These are not your run-of-the-mill, Frisbee-loving hippies with lofty ideals but a vague handle on the specifics. These Ultimate Frisbee players have made tangible the goal of sustainable, environmentally friendly travel. This summer, when the rubber hits the road, fifteen Dartmouth students cum Ultimate players will drive cross-country and back in a converted school bus powered by waste vegetable oil fuel. In English, that's used french fry grease.
The students conceived of the project, which they dubbed The Big Green Bus, while brainstorming ideas for transporting a portion of the College's seventy-plus Ultimate team members to a tournament near Seattle in July. Four of the team members are engineering majors, and another four are environmental studies majors. Armed with technical knowledge, plenty of willing labor, and grants from both the Thayer School of Engineering and the Department of Environmental Studies, the group purchased the thirty-seven-foot yellow school bus for $2,500 and began the arduous work of converting the diesel engine to run on simple vegetable oil.
Unlike the more well-known fuel biodiesel, which is produced by chemically modifying vegetable oil in an expensive and time-consuming process, The Big Green Bus runs on unmodified vegetable oil, tossed out by the gallon every day at greasy spoons and fast-food restaurants all over the country. To use the oil, the students added a second fuel tank to hold the vegetable oil. The bus starts on normal diesel fuel and uses heat from the engine to warm the vegetable oil, lowering its viscosity and allowing it to flow through the engine.
The students remodeled the bus's interior as well as its engine. They stripped the interior to fill the front half with tables and chairs and outfitted the rear with sleeping accommodations. Even a full-sized school bus may be close quarters for fifteen people doing nearly a summer's worth of driving, but as organizer Aekta Shah '05 explains, "It started as fifteen friends who wanted to hang out after graduation."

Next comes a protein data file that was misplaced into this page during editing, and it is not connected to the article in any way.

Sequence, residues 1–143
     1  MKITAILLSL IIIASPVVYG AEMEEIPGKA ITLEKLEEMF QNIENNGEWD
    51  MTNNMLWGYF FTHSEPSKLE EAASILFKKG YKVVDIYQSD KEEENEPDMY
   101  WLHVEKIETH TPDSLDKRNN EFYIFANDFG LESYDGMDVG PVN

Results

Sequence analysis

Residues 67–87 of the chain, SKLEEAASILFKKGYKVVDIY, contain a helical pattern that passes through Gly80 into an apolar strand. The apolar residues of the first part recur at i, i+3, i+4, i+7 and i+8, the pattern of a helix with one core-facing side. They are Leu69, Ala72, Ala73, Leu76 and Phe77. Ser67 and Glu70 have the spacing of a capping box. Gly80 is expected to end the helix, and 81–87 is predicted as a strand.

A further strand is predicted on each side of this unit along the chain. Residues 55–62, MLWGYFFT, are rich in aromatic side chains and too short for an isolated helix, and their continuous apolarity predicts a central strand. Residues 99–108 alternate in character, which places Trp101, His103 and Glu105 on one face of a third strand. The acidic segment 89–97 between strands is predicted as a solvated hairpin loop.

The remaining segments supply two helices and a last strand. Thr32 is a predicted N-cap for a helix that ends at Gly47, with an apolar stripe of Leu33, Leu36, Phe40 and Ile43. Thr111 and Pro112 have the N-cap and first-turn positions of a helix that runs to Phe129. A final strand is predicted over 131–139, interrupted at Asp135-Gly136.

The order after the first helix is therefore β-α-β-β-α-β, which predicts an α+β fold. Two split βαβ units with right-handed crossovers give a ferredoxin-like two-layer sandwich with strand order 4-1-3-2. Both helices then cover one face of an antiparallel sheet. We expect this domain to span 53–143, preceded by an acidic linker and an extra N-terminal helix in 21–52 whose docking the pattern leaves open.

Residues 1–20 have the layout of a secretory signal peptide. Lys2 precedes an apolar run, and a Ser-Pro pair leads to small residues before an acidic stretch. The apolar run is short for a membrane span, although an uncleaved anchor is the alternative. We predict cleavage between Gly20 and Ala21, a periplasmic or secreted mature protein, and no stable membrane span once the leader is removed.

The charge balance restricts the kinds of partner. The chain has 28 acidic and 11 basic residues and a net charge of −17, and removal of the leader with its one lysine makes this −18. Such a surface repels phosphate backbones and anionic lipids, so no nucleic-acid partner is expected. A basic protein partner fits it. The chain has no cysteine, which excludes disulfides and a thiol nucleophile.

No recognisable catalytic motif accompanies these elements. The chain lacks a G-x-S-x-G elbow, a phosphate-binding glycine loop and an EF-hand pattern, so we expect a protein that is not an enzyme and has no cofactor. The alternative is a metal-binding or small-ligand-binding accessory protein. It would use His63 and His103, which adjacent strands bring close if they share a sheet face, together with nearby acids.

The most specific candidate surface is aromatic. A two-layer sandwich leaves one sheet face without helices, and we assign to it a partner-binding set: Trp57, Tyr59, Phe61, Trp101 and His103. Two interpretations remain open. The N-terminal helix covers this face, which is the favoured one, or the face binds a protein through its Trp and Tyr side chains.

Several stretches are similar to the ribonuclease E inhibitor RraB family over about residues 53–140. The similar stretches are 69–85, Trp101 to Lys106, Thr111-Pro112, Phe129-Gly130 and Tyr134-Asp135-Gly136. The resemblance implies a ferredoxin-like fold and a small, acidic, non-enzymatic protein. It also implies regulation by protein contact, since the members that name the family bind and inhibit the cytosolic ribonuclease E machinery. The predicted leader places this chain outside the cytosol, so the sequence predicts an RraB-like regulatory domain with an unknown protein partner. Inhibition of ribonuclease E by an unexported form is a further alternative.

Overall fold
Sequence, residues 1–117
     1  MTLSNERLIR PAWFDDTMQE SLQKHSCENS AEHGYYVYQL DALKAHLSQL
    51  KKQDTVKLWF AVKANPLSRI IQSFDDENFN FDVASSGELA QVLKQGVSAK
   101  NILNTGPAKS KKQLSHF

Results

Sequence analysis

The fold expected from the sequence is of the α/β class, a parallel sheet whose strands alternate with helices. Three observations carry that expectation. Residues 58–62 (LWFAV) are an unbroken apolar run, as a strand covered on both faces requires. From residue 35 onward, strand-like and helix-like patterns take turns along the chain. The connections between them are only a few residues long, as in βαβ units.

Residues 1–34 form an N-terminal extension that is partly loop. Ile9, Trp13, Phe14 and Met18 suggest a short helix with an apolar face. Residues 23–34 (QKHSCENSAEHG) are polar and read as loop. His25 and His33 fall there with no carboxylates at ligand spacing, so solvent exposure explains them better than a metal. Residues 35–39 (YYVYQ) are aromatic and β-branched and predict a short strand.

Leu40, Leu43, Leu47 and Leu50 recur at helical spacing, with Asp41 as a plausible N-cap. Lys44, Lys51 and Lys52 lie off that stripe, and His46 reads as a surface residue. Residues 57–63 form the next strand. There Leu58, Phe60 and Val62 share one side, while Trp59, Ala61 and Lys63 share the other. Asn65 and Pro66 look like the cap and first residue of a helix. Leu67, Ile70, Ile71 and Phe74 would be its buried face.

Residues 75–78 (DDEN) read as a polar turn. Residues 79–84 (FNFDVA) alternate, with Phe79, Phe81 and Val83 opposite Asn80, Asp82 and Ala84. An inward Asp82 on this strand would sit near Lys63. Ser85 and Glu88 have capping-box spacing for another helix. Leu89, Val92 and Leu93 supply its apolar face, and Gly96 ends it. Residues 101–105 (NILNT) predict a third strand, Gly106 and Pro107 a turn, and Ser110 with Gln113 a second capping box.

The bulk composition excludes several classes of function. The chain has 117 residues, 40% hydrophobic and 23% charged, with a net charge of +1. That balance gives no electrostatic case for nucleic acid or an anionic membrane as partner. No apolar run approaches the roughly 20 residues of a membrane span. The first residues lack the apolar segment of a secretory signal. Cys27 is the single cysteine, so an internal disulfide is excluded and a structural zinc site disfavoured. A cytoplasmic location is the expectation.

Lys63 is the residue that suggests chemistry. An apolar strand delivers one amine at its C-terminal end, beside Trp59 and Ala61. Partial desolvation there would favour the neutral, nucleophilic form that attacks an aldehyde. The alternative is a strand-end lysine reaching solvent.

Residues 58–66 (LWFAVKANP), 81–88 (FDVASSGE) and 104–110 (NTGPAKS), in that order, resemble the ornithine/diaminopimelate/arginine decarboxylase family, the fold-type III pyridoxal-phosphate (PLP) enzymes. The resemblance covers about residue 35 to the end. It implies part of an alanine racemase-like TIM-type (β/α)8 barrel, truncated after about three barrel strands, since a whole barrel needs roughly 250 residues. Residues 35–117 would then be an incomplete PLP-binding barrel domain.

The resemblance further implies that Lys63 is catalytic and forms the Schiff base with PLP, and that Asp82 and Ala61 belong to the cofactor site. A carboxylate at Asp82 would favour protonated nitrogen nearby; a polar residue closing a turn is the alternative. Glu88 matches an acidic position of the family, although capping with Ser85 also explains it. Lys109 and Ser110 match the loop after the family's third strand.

Since its inception, however, the project's mission has evolved well beyond the initial need for transportation and a last hurrah. Dedicated evangelists of both Ultimate Frisbee and alternative fuels, the project's organizers are relying on the nationwide community of Ultimate Frisbee players to connect the tour with hosts and sponsors at each stop. In addition to presentations at Ultimate Frisbee tournaments, The Big Green Bus will promote alternative fuels through environmental action fairs, local alternative-fuels interest group meetings, and other community gatherings. Although the itinerary is still in flux, the group expects to make at least a dozen stops, a number that could easily rise as interest from other Ultimate Frisbee communities grows.
According to the project's head of outreach, Andrew Hoffman '05, the message is simple: "A simple and plentiful resource fuels the bus. At present, restaurants across the nation discard it every day. We refine and reuse the waste, shaping society's waste into social energy," he says. "The world's increasing dependence on fossil fuel consumption necessitates research in, and a quick transition to, alternative energy sources. The Big Green Bus shows that fuel alternatives are available for use right now."
In fact, spreading the word has been part of the process almost since the beginning. The group's website offers information about the project, including an MTV-inspired video trailer documenting the bus conversion. The website also includes detailed statistics about fuel economy, alternatives to fossil fuels, and a tutorial on Ultimate Frisbee.
These idealists are light years away from protest marches and drum circles. The Big Green Bus club is made up of practical, savvy activists with an eye for messaging and presentation. In fact, when the project was founded, the group divided into four committees: engineering, logistics, finance, and publicity.
The tour leaves Hanover this month for its circuitous route to the July 2 tournament in Seattle and will then continue spreading the word until the end date in early August.
By GENEVIEVE HAAS
Questions or comments about this article? We welcome your feedback.
Last Updated: 5/30/08